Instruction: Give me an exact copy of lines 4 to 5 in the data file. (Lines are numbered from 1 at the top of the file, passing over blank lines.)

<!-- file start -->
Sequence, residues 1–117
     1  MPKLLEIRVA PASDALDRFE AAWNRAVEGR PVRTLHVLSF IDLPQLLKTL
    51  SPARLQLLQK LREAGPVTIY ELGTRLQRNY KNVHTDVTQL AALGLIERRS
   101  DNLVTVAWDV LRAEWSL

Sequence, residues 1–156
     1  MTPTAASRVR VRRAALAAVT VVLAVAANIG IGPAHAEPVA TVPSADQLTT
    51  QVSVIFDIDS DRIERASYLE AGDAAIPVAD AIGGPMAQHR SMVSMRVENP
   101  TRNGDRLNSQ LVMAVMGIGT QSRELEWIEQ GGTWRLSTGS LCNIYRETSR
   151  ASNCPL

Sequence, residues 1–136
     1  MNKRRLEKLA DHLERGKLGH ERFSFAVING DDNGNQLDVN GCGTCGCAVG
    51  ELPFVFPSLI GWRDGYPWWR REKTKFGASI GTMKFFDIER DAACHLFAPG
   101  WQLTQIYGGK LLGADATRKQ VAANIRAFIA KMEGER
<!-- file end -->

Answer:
   101  DNLVTVAWDV LRAEWSL

Sequence, residues 1–156